From the post:
During the previous post, I’ve explained what is Neo4j and then, explained how graph traversal could be done on Neo4j using the Java API. Next, I’ve introduced Cypher and how it helped write queries, in order to retrieve data from the graph. After introducing Cypher’s syntax, we dissected the Start Clause, which is the start point (duh) for any query being written on Cypher. If you hadn’t read it, go there, and then come back to read this one.
In this second part, I’ll show the other clauses existents in Cypher, the Match, Where, Return, Skip and Limit, OrderBy and Return. Some will be simple, some not and I’ll go in a more detailed way on those clauses that aren’t so trivial. After that, we will take a look at the Cypher query entry point, and how the query parsing is unleashed.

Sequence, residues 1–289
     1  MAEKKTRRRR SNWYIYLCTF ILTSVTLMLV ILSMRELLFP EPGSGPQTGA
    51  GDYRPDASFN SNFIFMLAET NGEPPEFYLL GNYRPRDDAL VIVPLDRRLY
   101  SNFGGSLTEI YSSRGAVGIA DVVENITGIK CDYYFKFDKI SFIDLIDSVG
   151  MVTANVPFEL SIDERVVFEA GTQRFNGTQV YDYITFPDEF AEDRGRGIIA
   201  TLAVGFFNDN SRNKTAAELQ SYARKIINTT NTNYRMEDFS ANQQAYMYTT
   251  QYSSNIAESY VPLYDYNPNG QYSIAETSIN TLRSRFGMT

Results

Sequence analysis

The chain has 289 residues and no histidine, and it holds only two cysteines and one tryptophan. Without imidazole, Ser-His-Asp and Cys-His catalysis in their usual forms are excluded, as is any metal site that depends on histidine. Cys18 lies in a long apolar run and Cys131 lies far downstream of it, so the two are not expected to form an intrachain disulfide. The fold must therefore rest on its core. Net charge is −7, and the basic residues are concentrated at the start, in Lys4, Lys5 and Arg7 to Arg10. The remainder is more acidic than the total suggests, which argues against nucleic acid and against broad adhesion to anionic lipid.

Nuff said, let’s get down to business.
This and part 1 are starting points for understanding Cypher. A key to evaluation of Neo4j as a topic map storage/application platform.
True enough, at present (1.4) Neo4j only supports 32 billion nodes, 32 billion relationships and 64 billion properties per database but on the other hand, I have fewer than 32 billion books than that so at a certain level of coarseness it should be fine. 😉
BTW, I do collect CS texts, old as well as new. Mostly algorithm, parsing, graph, IR, database sort of stuff but occasionally other stuff too. Just in case you have a author’s copy or need to clear out space for more books. Drop me a line if you would like to make a donation to my collection.